Methodological implications of IT-applications
The history of the arts as a universitarian discipline has been subject
to deep methodological transformations within the last decades. Having
been dominated for a long time by iconography (and before that by style
analysis) the discipline is now influenced by concurring modes of interpretation.
Suffice it to refer to social history, gender and receptionist studies.
Something similar can be said about the area which is covered by art history.
The field of traditional "high" art has been vastly widened now including
especially "new" media like photography and film.
Is it possible to evaluate the effects of electronic data processing
on the methodology and field definition of the subject? The attempt to
do that will certainly be quite speculative, because every possible development
is almost entirely a question of the future. As an essential characteristics
of the information technologies seems to be that traditional linear thinking
is substituted by a linked-up thinking, we can suppose that what has been
alluded to regarding methodological developments will very probably be
enhanced. Art History will more and more loose its autonomous status and
become an integrated part of the humanities. What has been called "Cultural
studies" might foreshadow what is going to come. At the same time tendencies
to transform traditional art history into "media studies" will have to
be taken seriously, drawing attention also to the dangers which might be
incurred by the dissolution of current standards and aims.
How will electronic data processing affect the subject more concretely?
Different estimations might be given, the following ones being only more
or less contingent and may be also embattled examples:
rather obvious are the practical transformations lying ahead of us in case
the potential of the IT is massively used. Electronic images and texts
will tend to minimise the dependency on the availability of the artistic
material, allowing art historians to do extensive research at home. This
will on the other hand maximise forms of "musealisation" which began in
the 18th century or even before, as it will radicalise the museum's tendency
to dissociate the work of art from its original context. It is quite unclear
in how far virtual reality might counteract or enforce these developments.
the exchange of information could be set on a new basis. While traditional
ways of publication are substantially one way directed (even though of
course there has always been the possibility for thesis and reply) electronic
publishing as in the Internet will open more informal and may be more "democratic"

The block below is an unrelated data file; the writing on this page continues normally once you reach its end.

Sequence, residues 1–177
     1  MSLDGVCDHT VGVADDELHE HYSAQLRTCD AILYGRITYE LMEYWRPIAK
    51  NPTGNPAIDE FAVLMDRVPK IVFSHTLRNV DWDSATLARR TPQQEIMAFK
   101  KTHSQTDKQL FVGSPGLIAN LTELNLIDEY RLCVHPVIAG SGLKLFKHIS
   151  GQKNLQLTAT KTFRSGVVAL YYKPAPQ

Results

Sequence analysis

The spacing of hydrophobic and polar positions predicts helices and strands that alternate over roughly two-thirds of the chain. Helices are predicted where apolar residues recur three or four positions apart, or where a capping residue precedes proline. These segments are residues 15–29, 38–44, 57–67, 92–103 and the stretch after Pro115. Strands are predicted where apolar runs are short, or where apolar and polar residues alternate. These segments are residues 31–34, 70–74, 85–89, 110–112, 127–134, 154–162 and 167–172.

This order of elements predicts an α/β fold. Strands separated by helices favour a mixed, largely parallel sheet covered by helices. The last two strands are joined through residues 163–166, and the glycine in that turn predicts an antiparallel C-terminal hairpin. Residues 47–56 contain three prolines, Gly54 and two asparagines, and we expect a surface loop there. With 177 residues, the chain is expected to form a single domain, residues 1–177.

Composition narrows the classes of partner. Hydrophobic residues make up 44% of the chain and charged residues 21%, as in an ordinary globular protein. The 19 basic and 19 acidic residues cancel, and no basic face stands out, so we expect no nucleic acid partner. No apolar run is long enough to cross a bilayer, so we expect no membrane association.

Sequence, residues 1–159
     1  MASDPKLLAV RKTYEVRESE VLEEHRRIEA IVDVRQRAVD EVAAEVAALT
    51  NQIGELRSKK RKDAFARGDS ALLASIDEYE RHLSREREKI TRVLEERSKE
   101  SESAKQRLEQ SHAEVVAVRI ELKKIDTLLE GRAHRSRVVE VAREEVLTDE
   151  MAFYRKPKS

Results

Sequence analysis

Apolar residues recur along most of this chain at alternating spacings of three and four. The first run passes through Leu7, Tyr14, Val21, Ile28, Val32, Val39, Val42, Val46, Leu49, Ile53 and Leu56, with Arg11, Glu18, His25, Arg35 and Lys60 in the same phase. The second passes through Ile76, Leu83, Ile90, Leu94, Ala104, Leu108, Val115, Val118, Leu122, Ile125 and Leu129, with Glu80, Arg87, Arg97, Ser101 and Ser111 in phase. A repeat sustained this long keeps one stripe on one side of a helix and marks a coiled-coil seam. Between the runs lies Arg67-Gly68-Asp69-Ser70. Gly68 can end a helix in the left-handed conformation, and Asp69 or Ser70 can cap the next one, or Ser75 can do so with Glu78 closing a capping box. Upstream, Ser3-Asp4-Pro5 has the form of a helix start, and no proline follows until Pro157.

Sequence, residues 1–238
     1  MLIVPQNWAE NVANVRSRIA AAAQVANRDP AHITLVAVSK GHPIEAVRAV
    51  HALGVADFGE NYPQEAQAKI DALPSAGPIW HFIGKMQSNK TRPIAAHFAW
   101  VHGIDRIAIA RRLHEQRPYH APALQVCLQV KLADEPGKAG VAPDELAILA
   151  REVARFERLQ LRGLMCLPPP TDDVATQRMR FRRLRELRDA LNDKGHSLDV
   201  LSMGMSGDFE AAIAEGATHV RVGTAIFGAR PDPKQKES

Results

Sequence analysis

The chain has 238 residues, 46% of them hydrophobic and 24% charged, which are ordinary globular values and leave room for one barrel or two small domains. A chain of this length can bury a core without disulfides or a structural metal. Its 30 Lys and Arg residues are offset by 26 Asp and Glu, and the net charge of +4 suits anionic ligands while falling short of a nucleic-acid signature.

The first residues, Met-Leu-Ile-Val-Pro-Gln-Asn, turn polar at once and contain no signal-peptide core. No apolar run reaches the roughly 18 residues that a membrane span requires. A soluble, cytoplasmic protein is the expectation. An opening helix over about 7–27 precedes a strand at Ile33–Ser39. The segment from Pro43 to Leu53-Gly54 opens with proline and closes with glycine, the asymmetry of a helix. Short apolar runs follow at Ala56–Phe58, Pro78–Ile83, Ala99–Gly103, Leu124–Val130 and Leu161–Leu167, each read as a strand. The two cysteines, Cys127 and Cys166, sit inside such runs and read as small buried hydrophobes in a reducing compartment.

ways of information exchange. There is one condition for that: identification
of the information producer has to be made possible and the longevity of
its registration guaranteed. Especially the last condition does not seem
to be fulfilled with the Internet which is still far away from the stability
of traditional print media.
the use of vast image data bases might incite art historians to reduce
their reliance on traditional canons in favour of a new historical plurality.
While traditionally even to an experienced art historian not more than
a dozen exemplars will probably come to mind, when he is asked for historical
visualisations of the biblical "Visitation" theme, a database retrieval
will radically abolish such limitations, without taking regard of criteria
like aesthetic quality.
content based forms of art analysis, forms of visual analysis that directly
take into account the concrete artistic phenomenon as a non-textual fact
will reintroduce on a higher level old forms of formalistic understanding.
Art works, often analysed by contextualising approaches, will reappear
as technically created media. Some insights into this process might already
be received when we observe what is going on in art historical computer
based learning on CD-ROM: although we are far away from using the whole
range of possibilities yet, the specific potential of the medium is to
be seen in its capability to visualise the very practical ways in which
a work of art is concretely produced and what it materially consists of.
an opposite tendency can be maintained looking at text based data bases,
which are and very probably will remain the reality for quite a long time.
As extremely refined ways of describing the historical reality of works
of art are made possible by such data bases, and as this can be done in
a highly structured and coherent manner, questions about the position of
a work of art in historical life can be answered more reliably than before,
when this could often only be done in a very speculative and general way.
To give an example: A correlation between the iconography of poverty and
famine periods in 17th century Northern Europe can practically only be
examined on the basis of huge and detailed data bases with their rich potential
of field combination.